As a life-long bookworm, Miss Bates has fallen in love with many a writer. Sometimes, the relationship is long-lasting (hello, Charlotte Brontë); sometimes, not (good-bye, D. H. Lawrence). But the experience has always been love at first sight: it’s rare that an author woos her over several books. Reading the first sentence of Mary Stewart’s Madam, Will You Talk? was like Romeo recognizing Juliet across the ballroom. “The whole affair began so very quietly”: Stewart’s novel and Miss B.’s tumble into amore was as lovely and definitive as reading “There was no possibility of taking a walk that day.” A turn of phrase pulling the reader into the writer’s world, a declarative sentence mysterious, question-inducing: What is this “affair”? How was it “quietly” begun? What came next? If a walk wasn’t possible: why not? what happened instead? What other possibilities were explored? Reading further in Madam, Will You Talk?, Miss Bates discovered more similarities to her beloved Jane Eyre: a heroine moral and fearless, standing on principle, defending the vulnerable, showing compassion, and answering to the unknown with firm purpose and stalwart spirit. Moreover, in the midst of danger and a world of corruption and crime, our heroine finds love in confrontation with a man who is hero and possible villain. Our heroine’s moral stance and fortitude set the world aright for herself and her hero, who emerges worthy of her. There were bumps on Miss B’s Mary Stewart ride, discomfiting jolts encountered on rough country roads by the Bentleys and Mercedes her heroines and heroes drive, but oh what a ride, what views and vistas. Stewart’s novel did not have Brontë’s scope or brilliance, but as Stewart claimed, her stories “love and imitate the beautiful and the good,” marvelously so, says Miss Bates.
Madam, Will You Talk? is a novel permeated with the post-WWII ethos, at least for the victors: a war-weary world awakening to the everyday rhythms of life lived in the comfort of peace and security. But shadows linger. Widow Charity Selborne is in Provence, Avignon to be exact, to holiday with her irrepressible friend, Louise. (Charity lost her husband, Johnny, when his plane went down in France during the war.) At the Hôtel Tistet-Védène, Charity befriends David Shelley, a boy vacationing with his indifferent, cold step-mother, Loraine. Sundry unsavory characters surround wicked step-mom and good-humoured, well-mannered English schoolboy. David’s father, for one. Richard Byron was accused, but acquitted, of murder, also possibly assault against David. At first, David appears afraid of him as Richard Byron mysteriously follows Charity and David on their site-seeing forays (Loraine happy to have David off her hands). Loraine is involved in nefarious schemes with suspect men. Richard Byron, worthy of the “byronic” allusion, is broody, dark, piquantly handsome, but lowering and threatening. Is he? A threat? If so, why doesn’t he hurt David, or Charity? Why is Charity drawn to him?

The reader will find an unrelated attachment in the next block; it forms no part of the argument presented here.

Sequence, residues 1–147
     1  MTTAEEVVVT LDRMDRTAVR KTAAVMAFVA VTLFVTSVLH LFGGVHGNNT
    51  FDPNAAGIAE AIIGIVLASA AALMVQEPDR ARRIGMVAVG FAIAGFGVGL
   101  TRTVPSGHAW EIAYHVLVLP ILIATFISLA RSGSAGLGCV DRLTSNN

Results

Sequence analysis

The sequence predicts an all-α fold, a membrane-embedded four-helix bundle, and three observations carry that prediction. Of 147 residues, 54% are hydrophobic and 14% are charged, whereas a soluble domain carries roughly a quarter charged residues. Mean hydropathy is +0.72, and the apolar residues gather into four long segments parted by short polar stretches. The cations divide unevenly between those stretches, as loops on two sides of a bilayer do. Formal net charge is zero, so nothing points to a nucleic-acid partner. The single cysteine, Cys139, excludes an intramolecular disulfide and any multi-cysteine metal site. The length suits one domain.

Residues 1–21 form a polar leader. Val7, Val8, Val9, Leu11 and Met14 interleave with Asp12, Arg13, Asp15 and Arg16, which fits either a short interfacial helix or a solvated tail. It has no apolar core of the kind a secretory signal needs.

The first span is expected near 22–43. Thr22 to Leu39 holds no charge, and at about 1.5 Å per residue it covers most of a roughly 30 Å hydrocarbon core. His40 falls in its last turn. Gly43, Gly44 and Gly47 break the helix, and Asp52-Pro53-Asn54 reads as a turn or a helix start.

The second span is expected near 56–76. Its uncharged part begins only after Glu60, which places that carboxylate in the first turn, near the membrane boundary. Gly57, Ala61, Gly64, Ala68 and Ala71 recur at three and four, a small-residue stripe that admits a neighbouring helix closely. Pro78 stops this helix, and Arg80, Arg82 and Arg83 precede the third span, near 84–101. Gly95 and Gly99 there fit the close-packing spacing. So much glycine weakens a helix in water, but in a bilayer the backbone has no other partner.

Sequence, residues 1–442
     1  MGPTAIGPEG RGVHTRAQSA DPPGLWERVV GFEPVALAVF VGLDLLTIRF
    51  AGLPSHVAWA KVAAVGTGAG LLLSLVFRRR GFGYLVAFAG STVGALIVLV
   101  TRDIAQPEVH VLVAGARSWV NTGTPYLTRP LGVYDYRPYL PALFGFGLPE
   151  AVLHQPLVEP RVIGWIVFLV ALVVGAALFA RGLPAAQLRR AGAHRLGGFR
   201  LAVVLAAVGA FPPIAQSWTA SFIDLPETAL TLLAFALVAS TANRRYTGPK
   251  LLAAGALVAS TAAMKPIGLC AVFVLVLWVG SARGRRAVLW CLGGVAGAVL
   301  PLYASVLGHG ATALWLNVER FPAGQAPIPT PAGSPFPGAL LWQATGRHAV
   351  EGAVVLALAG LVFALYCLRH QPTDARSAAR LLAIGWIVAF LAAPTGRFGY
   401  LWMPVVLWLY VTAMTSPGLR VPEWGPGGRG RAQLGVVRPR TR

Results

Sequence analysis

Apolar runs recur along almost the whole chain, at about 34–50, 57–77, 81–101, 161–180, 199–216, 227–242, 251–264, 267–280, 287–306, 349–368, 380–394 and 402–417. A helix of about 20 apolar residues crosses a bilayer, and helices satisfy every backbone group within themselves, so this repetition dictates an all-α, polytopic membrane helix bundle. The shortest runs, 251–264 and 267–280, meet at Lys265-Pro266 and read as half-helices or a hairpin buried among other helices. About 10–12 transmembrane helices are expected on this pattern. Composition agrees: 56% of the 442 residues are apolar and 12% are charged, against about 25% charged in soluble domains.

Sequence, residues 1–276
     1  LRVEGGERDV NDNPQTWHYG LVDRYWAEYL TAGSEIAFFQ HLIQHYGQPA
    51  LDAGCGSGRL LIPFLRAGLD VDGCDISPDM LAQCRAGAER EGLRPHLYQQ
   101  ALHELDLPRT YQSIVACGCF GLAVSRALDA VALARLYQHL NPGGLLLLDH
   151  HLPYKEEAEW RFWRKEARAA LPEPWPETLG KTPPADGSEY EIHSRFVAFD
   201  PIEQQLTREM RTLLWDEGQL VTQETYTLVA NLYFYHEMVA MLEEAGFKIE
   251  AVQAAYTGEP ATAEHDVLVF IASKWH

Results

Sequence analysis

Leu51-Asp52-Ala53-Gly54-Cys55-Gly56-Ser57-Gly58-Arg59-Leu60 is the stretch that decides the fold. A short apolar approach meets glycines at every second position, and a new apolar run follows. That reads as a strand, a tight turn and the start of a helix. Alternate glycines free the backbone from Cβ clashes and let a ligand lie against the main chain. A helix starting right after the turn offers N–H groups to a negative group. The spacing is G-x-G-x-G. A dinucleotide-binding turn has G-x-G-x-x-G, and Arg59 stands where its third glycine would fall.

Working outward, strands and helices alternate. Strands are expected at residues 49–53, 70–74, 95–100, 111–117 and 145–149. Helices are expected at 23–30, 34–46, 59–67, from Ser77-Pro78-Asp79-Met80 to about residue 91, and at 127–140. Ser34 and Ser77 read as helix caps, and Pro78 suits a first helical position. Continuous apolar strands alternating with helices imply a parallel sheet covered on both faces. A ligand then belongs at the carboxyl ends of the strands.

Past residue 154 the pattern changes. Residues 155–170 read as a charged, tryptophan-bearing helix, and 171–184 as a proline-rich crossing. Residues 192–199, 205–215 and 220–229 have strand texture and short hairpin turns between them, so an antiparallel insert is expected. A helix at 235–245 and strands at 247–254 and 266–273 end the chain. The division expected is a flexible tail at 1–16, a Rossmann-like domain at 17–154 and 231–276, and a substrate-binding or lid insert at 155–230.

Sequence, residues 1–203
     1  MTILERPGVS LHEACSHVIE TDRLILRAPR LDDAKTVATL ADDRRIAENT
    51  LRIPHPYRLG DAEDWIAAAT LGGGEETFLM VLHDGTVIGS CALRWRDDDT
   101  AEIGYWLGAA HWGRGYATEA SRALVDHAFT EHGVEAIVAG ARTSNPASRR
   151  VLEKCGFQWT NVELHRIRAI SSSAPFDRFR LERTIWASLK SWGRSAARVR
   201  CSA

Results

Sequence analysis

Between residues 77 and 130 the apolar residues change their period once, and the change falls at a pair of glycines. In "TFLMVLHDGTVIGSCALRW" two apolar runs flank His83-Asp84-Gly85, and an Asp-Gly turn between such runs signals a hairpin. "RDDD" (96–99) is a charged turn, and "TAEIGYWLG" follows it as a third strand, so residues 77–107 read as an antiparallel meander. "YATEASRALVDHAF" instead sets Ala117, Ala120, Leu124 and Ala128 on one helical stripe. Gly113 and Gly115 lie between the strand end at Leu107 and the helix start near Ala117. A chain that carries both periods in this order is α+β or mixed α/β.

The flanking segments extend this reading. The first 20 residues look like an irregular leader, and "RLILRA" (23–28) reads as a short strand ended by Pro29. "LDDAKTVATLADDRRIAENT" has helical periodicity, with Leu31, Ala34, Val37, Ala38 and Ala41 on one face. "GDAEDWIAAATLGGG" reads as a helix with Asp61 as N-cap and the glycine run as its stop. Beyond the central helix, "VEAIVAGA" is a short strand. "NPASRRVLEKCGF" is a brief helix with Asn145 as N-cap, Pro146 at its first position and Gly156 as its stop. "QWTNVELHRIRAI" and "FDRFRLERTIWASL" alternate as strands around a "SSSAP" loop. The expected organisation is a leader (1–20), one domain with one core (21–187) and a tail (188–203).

As mystery, danger, and characters are ever more convoluted, Charity realizes that her initial understanding of David, Loraine, and Richard was erroneous. She quotes Macbeth to Richard, after a day of heart-palpitating car chasing when they make peace, “And nothing is but what is not.” (This may be one of Miss Bates’ favourite lines in literature.) In describing her books, Stewart said she would take:
… conventionally bizarre situations (the car chase, the closed-room murder, the wicked uncle tale) and send real people into them, normal, everyday people with normal, everyday reactions to violence and fear; people not ‘heroic’ in a conventional sense, but averagely intelligent men and women who could be shocked or outraged into defending, if necessary, with great physical bravery, what they held to be right.
This describes Madam, Will You Talk? to a tee and supports what Miss Bates claims. Firstly, that Stewart’s description of her novels is England’s mythic sense of who they were during WWII (hobbits, but better-looking). Her heroines, and heroes once they reveal themselves as such, are caught in a corrupt and deceptive world, a world they must unravel if right is to prevail. What Miss Bates delighted in was that Charity learned to identify the right and good, separate wheat from chaff (Richard from Loraine and company) by using her understanding of right and wrong, intelligence, and courage. To add delirium to delight, Charity did so donning chic, feminine outfits, driving like Michael Schumacher, and quoting Shakespeare. She is never a ninny; confused and troubled by events, yes, but she RATIOCINATES. A most impressive feat: a heroine who thinks. A writer who doesn’t tell us her heroine is smart, she shows us she’s smart.